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World AIDS Day 2007

A Message from William Fleming, CCF HIV/AIDS Program Specialist for CCF

As we reflect on the recent World AIDS Day, we remember those we have lost to AIDS and the efforts to overcome this epidemic. CCF continues to recognize the contribution that children have made in the fight against HIV and AIDS.

As a child focused organization, CCF is committed to helping children and families emerge from poverty.  Children and youth make many direct and positive contributions in the struggle to overcome poverty, from strengthening the emotional and psychological resilience of other family members, to taking their future into their own hands.

Therefore, it is not surprising that children and youth are a vital part of CCF’s response to AIDS through:

  • Supporting HIV prevention and behavior change efforts
  • Providing emotional and social support for other children affected by HIV
  • Providing care for sick parents
  • Supporting their families economically through small businesses

Children and youth are also active in the design and evaluation of programs, helping to identify effective ways to reach children and youth in need and to share program successes and failures.

This active participation in HIV programming comes at a critical time when infections among youth are growing rapidly and the epidemic’s impact on children and youth is increasing.  In the past two years, the number of people living with HIV increased in every region in the world, as did the number of deaths due to AIDS.   With more than 33 million people living with HIV, new HIV infections are heavily concentrated among young people (15–24), accounting for 40% of new HIV infections in 2006.  An estimated 2.3 million children under age 15 are HIV positive, 15.2 million have lost one or both parents to AIDS and millions more have become more vulnerable.   The number of orphans created by the epidemic alone is expected to increase globally through 2025, representing a second wave of the epidemic.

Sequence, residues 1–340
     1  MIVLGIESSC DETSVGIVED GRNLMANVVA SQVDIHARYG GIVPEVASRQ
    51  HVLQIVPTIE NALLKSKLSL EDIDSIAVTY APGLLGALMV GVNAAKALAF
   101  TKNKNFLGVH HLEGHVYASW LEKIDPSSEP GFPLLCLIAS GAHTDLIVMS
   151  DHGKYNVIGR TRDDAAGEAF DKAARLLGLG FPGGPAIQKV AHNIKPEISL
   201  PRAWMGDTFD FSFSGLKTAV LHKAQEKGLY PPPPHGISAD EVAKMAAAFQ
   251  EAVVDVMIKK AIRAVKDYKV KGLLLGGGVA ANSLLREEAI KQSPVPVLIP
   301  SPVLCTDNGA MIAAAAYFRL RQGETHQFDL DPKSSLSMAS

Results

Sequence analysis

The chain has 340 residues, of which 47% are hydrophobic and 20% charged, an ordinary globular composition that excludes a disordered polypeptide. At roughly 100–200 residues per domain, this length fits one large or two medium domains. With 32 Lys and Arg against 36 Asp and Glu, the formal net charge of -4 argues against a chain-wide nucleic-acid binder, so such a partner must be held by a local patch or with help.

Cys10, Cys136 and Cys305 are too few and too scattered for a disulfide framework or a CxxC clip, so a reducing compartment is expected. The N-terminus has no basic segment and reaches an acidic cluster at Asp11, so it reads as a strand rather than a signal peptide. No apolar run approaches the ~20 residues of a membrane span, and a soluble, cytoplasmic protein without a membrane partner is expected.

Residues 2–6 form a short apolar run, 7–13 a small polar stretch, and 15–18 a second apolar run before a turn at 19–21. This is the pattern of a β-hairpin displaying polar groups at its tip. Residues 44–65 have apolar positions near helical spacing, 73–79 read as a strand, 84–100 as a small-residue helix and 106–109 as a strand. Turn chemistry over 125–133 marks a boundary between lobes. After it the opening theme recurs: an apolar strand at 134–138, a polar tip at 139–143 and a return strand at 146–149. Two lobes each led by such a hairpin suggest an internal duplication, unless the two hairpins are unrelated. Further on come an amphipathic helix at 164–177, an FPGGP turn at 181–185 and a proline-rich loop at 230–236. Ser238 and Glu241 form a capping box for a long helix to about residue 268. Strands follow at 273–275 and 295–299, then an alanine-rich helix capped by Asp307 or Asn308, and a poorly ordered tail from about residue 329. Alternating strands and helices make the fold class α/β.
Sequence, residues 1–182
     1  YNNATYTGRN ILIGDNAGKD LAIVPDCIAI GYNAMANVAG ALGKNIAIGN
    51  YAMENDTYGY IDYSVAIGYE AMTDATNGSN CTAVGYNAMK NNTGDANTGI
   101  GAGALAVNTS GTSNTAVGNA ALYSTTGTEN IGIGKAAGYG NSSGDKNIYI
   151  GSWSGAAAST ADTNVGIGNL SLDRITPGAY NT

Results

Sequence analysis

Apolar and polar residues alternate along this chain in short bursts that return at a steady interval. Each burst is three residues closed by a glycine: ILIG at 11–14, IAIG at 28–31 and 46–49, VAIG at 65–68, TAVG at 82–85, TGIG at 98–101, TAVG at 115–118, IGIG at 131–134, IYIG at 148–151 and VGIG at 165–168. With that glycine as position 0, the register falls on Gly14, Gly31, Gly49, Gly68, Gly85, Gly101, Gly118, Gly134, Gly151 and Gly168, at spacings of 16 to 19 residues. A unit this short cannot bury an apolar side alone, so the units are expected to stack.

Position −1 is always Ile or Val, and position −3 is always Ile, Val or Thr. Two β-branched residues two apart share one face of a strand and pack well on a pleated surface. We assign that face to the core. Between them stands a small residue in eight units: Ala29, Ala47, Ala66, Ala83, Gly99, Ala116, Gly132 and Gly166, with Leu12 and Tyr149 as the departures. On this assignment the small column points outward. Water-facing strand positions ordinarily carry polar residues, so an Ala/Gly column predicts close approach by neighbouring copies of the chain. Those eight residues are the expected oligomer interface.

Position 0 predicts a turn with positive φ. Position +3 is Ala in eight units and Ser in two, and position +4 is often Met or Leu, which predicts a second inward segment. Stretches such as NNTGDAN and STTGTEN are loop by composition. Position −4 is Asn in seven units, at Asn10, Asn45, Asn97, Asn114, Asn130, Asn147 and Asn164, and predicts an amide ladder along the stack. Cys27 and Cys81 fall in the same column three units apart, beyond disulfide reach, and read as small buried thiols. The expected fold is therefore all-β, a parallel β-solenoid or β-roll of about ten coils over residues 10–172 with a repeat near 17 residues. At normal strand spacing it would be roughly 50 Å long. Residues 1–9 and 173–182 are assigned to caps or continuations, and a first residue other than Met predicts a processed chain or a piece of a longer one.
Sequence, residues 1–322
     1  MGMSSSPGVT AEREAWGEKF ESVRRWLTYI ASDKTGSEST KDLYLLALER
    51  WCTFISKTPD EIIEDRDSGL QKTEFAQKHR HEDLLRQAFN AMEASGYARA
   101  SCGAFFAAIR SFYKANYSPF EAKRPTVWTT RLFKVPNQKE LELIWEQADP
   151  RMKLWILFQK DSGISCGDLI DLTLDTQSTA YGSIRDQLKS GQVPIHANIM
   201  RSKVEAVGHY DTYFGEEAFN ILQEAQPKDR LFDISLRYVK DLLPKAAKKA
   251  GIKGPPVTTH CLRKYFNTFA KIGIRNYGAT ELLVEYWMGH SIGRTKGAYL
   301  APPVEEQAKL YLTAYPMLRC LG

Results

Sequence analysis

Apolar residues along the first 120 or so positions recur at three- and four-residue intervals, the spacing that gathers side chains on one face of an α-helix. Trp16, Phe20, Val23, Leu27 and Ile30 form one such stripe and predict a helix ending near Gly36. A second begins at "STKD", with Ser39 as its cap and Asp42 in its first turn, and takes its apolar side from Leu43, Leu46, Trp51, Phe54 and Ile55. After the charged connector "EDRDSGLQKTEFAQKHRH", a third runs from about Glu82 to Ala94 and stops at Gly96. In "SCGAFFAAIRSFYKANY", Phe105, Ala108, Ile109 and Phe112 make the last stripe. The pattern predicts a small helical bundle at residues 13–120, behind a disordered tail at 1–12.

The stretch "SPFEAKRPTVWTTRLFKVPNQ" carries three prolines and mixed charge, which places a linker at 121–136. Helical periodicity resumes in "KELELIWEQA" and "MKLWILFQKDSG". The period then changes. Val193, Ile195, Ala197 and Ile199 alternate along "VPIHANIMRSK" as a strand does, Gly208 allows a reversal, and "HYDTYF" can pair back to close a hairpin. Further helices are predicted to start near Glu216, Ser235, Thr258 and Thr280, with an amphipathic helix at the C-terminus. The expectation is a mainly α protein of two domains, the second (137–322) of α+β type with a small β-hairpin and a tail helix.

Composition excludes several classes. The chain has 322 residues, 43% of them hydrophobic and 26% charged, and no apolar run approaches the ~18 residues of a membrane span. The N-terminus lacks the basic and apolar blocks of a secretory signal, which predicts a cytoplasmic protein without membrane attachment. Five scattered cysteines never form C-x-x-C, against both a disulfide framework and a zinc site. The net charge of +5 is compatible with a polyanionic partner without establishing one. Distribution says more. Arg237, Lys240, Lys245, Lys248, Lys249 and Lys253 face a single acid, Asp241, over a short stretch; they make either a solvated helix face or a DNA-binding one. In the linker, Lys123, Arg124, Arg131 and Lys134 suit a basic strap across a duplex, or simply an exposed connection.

In light of their vulnerability and resilience, CCF has compiled a four-part strategy for addressing the epidemic that emphasizes the role of children and youth. 

In partnership with children and youth and their families and communities, CCF is committed to:

  1.  Expanding HIV prevention with a focus on youth reproductive health and prevention of pediatric infection
  2.  Realizing the continuum of care through improved community care systems
  3.  Meeting the needs of children affected by AIDS for health care, education, nutrition, and psychosocial support as well as enhanced protection from abuse and exploitation
  4.  Helping to create a supportive environment through advocacy and mobilization and increase community support for people living with and affected by AIDS 

Together with children and youth as true partners, CCF is making a difference in poor communities around the world.  It is important that we celebrate the efforts of children and youth in the fight against AIDS and recommit ourselves to addressing the root causes of poverty and vulnerability to HIV infection.